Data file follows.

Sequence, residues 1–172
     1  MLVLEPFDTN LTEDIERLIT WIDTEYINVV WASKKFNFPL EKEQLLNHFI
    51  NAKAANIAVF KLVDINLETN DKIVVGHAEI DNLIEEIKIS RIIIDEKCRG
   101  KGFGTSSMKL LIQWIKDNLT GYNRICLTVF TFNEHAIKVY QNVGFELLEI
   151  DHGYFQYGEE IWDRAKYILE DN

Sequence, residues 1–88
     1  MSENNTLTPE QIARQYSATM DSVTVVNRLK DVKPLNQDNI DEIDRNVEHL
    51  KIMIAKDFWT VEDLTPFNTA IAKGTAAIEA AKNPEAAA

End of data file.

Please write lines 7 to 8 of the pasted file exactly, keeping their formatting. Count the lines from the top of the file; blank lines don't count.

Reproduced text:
     1  MSENNTLTPE QIARQYSATM DSVTVVNRLK DVKPLNQDNI DEIDRNVEHL
    51  KIMIAKDFWT VEDLTPFNTA IAKGTAAIEA AKNPEAAA